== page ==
Page 3 of 3

Posted: Tue Mar 20, 2007 7:04 pm
by chowfrnd88
Chowdad, once again, I can't offer any advice, but I just wnated to let you know that we are thinking of you and praying for George. I am glad that he is eating, excellent idea for mixing it. Hang in there Chowdad.

Posted: Tue Mar 20, 2007 7:08 pm
by sit_by_the_beach
What kind of ointment do you apply on his feet? I wonder if you have Penaten available in your drug store/pharmacy. It doesn't sting when it's applied to a sore. Here in Canada it's used for diaper rashes and bedsores on the elderly. You may find it in the baby section of a supermarket.

If all fails, try plain petroleum jelly. It's messy, but doesn't sting and is easy to apply.


sick chow

Posted: Wed Mar 21, 2007 4:00 am
by jacqui
I had amale chow who had acl and he got plates in his got infected 3 years later and had to be removed.he was getting sores on the leg that was infected. he had alot of medical problems thru his life but lived to be 10 years old. good luck!

Posted: Wed Mar 21, 2007 5:24 am
by kiwani
Re: "He seems uncomfortable and queasy anytime after he eats. Is this normal after they hardy eat anything for months, like a tummy ache."

Some of the side-effects of zinc supplements are gastrointestinal irritation, nausea, etc. There are other warning signs listed on the product info/safety sheets. Also, more ulceration may be involved, not only from the Rimadyl, but linked with the zinc deficiency. You are also dosing meals with antibiotics, so also review adverse effects and warning signs of whatever med prescribed.

Re: "How important is it that I get him off of lean beef/ rice, and onto a dog food diet?"

The aim of the pulverized beef/rice was to stimulate appetite, and to allow some healing of the ulcers by using softer food. It's like a first-phase transitional diet to fire up the engines. If the appetite is steady, and the thick drooling is reduced, you can further transition adding a premium grade dog food, and decrease the rice. What you feed from here on, is also important, including supplements as necessary.

Re: "The vet prescribed Glehaven P2/S shampoo to clean all his sores daily."
I'm not familiar with Glehaven. If the sores are numerous, deep, and painful, I'd suggest cleaning sections at a time, with some interval, if the shampoo adverse effect and pain is *so* overwhelming. No one here can see how serious the wounds are, and while other more natural rinses are available, it may be best to allow the wounds to scar *seal* first, and the zinc should help with that.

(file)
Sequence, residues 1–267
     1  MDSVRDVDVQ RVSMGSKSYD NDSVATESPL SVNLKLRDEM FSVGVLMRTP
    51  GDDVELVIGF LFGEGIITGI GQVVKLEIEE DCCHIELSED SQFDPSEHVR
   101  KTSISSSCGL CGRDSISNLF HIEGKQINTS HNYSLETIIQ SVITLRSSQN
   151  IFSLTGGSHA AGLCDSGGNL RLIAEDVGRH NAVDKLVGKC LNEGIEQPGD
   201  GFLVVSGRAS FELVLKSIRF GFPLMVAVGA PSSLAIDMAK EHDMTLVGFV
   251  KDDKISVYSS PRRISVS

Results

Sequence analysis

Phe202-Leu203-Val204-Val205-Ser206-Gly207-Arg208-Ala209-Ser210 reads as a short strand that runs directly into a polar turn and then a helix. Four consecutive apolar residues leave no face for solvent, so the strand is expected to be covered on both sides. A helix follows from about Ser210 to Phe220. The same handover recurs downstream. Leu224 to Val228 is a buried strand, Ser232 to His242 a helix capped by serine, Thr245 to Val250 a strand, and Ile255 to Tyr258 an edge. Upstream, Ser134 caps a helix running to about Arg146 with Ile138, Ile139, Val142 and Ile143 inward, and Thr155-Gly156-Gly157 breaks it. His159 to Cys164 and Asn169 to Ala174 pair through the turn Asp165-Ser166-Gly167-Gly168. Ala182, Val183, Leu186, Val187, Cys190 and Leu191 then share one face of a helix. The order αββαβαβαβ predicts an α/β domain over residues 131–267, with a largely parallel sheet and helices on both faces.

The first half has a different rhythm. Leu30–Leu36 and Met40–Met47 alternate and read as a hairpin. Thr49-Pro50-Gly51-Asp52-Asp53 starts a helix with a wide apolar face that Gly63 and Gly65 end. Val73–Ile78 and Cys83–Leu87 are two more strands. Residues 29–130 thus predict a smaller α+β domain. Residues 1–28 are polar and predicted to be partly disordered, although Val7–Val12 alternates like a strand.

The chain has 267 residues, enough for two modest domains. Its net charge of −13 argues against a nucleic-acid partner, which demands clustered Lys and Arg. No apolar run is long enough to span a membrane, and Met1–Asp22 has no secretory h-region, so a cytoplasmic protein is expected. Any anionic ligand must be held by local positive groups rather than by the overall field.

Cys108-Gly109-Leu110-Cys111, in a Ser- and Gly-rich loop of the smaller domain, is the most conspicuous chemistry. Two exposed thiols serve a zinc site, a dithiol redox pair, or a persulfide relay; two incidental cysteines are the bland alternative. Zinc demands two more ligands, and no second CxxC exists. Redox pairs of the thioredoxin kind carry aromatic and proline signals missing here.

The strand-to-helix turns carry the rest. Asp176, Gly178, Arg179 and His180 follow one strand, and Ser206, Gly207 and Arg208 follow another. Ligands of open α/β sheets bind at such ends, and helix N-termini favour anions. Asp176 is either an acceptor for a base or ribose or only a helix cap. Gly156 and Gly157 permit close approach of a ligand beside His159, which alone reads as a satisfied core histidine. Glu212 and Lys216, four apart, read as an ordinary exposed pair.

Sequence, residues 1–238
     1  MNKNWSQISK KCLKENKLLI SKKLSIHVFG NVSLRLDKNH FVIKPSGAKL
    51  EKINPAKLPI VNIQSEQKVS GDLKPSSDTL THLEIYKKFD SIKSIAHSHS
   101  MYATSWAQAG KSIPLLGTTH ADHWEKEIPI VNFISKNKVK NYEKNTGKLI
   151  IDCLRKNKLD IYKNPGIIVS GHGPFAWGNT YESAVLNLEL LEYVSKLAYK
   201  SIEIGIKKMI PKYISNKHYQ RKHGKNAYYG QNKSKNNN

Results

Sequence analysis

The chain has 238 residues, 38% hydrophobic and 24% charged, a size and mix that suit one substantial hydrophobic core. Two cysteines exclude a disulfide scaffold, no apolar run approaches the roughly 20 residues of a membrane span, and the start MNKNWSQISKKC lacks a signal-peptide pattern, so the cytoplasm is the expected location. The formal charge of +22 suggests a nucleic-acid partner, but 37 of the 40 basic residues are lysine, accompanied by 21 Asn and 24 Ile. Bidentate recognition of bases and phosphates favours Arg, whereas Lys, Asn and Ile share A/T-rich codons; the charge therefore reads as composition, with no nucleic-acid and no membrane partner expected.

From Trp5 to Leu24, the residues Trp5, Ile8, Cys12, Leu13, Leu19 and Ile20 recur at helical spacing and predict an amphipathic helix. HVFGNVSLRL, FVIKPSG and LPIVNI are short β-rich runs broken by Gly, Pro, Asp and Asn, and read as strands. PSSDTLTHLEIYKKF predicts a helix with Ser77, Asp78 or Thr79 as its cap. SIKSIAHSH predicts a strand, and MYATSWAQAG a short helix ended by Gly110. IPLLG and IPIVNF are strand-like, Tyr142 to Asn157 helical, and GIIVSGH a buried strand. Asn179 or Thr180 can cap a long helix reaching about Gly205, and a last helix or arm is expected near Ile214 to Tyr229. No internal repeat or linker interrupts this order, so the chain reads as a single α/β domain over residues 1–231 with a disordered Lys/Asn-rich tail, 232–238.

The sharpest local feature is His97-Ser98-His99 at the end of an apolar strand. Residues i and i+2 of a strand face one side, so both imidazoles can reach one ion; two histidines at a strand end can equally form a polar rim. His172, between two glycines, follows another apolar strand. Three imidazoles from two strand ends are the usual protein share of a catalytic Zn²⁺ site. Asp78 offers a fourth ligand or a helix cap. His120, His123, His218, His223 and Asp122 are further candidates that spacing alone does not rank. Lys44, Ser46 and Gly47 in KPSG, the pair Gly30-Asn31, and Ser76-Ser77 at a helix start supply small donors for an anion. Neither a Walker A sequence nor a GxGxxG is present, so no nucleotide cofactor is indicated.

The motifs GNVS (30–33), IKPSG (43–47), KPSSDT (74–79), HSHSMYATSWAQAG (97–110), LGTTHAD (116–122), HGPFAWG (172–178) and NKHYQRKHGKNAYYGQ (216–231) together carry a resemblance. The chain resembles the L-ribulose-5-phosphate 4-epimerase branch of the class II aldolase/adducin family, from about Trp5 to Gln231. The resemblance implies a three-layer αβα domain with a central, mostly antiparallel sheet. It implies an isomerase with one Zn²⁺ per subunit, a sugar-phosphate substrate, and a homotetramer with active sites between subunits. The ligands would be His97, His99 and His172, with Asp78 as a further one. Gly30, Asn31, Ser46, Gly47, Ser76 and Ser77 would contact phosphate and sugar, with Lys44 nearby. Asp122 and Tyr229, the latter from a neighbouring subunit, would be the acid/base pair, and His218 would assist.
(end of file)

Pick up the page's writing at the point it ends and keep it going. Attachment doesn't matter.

Re: "His paw pads are open and bleeding and a great source of pain and disability to him, allowing him to only walk a few feet at a time."

Such a poor and weak condition of the paw pads often occurs with zinc-responsive dermatoses. Areas affected are most often 'pressure points'. There are "medi-paw" booties, made with breatheable fabric and padding. I'm not sure this would help much besides keeping the paws clean and lessen abrasion. The act of standing on compromised paw pads tends to stretch/rip the skin, until the zinc strengthens them.

Here's a link to another brand and style of med-bootie:

Best wishes...

Posted: Wed Mar 21, 2007 6:32 am
by sit_by_the_beach
One of my neighbours is a baby nurse. They get abused babies on her ward. Babys with scarring and scabs from neglect. She told me they generally just wash the babys with plain water, no soap. Once the skin starts healing then they do the wound dressings.

The last two weeks of her life, Luna had terrible open wounds on her back, no idea why or how they developed so quickly. I treated those by washing the wounds with boiled water, I did add a pinch of salt. The wounds did heal quickly but then other problems cropped up, not related to the above. Karin


Posted: Wed Mar 21, 2007 7:52 am
by chowdad
More info. The sores George has are not really open, except on his paws, they are just pink with a few tiny spots of blood. They tend to produce puss if they are not cleaned and medicated often. They are Numerous. he has one on each hip, on one ear, all four paws, two legs,
and a newer one on his chin that is like a gash he made with his rear paw from the corner of his mouth all the way to his chest. The oldest one is on the top of his ear. It is an inch long and 1/4 inch wide. It looks white with little bleeding pinpoint dots throughout. It was there a while before we found it and removed the black crusty scab that was kind of heaped up over it. It seems it is never going to close after 3 months. The rest are all healing changing from hot pink to lite.

He did much better with the shampoo today he didn't really react at all.

His drooling completely stopped the day after he started vitamins. Thank you again so much Kiwani.

The medicine we put on his sores is generic Panalog ointment. And Aloe vera whenever they look dry.

He seems to like A & D baby cream put on his paws so I usually do that at bedtime. The vet said OK. I think he likes the smell.

Thanks Everyone

Posted: Wed Mar 21, 2007 1:22 pm
by kiwani
Re: "It seems it is never going to close after 3 months. The rest are all healing changing from hot pink to lite."

Keep in mind that the ear and paw pads have thicker collagen, and that zinc is vital for collagen synthesis. In those past few months, the body was being depleted, and it seems you are starting to see some improvements now: the drooling has stopped, some lesions are healing, appetite has increased. The sores on the hips may be on 'pressure points' if they are in identical areas, and the others on the legs may be as well.

In the meantime, here's a veterinary link on various types of zinc-responsive dermatoses, including diet-induced, I mentioned earlier. There are some skin photos, discussion about paw pads, overall view of zinc's role fighting infection, building and healing skin, etc. There's also a *dosage listing* for the various forms of zinc supplement. The first zinc variety listed on that page must be the one you were given. It's a high dose per kg.